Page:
when he and a motor vehicle operated by Hatch, collided. Kolashuk suffered injuries and, by and through his mother and next friend, Danielle Kolashuk, commenced a personal injury action against Hatch. The complaint sounded in negligence and statutory and common-law recklessness. It alleged, in relevant part, that Hatch was operating his motor vehicle while typing, sending, and/ or [195 Conn.App. 134] reading text messages " from" his cell phone (phone) and operating his motor vehicle at a high rate of speed while using a phone in his hand.[2] The Reardon Law Firm, P.C. (firm), represented Kolashuk. Adler entered an appearance on behalf of Hatch.

          On March 6, 2017, the firm noticed Hatch's deposition duces tecum, requesting that he produce at the deposition (1) any and all phone records of March 5, 2016, including bills, invoices, text messages and e-mails; and (2) the actual phone he used on March 5, 2016. On March 15, 2017, Hatch objected to both production requests and moved for a protective order, stating in part that the records were not within his knowledge or possession.[3]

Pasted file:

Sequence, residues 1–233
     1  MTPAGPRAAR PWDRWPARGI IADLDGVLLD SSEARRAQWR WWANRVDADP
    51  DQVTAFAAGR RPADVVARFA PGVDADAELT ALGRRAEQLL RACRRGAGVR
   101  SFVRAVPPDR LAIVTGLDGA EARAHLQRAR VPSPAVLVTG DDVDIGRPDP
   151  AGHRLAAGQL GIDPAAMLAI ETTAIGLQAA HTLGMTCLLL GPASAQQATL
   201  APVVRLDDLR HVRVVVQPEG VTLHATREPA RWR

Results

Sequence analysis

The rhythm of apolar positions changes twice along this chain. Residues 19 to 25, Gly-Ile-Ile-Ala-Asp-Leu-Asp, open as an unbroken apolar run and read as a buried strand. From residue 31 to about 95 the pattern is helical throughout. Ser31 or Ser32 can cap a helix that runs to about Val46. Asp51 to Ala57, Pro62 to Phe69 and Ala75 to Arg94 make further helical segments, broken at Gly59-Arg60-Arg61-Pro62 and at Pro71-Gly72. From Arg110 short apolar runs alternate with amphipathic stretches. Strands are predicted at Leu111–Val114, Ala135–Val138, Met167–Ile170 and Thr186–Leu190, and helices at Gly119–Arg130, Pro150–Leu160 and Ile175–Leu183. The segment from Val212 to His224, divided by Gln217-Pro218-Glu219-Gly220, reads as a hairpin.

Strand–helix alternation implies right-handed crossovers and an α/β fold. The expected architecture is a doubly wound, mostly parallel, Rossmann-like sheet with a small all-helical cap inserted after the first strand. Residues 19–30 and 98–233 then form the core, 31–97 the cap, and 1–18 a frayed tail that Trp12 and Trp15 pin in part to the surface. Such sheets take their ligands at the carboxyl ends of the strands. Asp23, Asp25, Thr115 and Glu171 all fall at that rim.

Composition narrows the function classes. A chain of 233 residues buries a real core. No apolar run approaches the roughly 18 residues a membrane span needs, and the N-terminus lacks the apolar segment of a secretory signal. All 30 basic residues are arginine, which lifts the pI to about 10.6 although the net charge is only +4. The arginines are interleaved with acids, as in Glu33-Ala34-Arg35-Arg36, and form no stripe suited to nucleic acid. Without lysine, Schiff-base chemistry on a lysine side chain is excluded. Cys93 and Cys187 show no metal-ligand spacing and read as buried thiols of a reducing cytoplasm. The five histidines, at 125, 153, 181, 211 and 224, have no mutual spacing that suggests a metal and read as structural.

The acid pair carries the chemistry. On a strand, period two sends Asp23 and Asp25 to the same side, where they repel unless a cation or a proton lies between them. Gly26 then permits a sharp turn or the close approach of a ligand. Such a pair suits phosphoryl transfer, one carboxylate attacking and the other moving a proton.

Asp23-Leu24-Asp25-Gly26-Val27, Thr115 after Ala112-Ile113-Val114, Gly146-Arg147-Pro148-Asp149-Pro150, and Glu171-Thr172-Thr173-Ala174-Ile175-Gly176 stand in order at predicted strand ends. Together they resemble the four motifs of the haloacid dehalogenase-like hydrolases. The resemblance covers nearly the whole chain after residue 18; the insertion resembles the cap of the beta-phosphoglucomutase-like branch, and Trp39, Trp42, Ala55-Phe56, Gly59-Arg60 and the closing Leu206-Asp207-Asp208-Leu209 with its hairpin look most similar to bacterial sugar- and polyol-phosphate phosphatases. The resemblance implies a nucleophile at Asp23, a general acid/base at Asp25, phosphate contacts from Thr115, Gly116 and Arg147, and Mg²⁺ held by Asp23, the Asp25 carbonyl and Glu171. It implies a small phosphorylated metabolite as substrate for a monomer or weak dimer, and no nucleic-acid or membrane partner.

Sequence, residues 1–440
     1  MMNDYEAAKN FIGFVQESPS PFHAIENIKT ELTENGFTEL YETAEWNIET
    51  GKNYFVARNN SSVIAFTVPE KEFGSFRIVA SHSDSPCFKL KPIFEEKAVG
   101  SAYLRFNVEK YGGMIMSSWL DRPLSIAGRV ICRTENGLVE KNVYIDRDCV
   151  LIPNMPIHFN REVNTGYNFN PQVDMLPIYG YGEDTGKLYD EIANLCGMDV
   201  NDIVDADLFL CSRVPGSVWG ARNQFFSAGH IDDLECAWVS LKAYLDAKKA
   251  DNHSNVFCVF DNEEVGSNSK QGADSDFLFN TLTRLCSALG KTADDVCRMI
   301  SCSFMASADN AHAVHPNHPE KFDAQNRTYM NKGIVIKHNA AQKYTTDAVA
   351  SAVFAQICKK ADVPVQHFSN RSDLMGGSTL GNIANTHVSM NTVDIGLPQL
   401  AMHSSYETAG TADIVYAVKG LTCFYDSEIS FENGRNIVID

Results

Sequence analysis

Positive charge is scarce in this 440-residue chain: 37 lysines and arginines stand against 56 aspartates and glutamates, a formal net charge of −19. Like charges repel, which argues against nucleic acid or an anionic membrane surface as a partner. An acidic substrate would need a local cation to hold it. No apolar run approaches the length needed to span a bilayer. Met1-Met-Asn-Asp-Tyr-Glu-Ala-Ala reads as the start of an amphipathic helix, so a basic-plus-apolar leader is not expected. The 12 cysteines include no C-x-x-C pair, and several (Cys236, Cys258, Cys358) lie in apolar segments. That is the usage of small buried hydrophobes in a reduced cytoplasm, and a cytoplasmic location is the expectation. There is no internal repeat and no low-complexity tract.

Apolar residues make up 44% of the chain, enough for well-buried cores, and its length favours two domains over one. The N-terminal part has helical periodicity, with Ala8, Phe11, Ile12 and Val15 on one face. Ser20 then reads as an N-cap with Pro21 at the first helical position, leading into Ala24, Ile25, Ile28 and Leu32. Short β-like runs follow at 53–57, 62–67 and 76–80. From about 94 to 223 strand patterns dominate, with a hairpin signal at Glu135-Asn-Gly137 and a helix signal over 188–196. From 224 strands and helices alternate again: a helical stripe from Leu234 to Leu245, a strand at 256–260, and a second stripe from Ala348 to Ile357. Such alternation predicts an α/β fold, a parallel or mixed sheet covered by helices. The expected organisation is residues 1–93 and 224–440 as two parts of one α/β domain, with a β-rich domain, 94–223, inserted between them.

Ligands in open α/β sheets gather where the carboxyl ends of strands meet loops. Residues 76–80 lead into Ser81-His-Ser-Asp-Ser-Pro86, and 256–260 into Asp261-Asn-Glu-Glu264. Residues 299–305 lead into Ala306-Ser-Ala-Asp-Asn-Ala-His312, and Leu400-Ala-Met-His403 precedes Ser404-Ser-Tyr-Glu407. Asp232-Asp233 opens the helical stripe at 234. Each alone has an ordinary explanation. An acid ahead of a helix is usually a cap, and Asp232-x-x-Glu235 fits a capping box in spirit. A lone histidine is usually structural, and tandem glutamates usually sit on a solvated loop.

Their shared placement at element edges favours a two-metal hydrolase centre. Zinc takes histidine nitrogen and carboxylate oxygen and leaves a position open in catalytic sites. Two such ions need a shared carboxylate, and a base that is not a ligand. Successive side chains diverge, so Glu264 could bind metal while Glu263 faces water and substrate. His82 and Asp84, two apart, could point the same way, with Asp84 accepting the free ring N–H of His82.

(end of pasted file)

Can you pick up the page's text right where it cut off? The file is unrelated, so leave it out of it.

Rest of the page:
On March 7, 2017, Attorney Robert I. Reardon, Jr., noticed the depositions of and issued subpoenas to the keepers of records for Verizon Wireless (Verizon) and AT&T, Inc., commanding that they produce " [a]ny and all . . . phone . . . records from March 5, 2016 between [10] and [11 a.m.] for phone number [for Hatch] including call details, text details, phone calls made and/or received, text messages sent and/or received, and [e-mails] sent and/or received." Hatch filed motions [195 Conn.App. 135] to quash the subpoenas duces tecum issued to the service providers and motions for a protective order, stating in relevant part that the request for production was not valid in that it violated General Statutes ยง 16-247u (b).[4]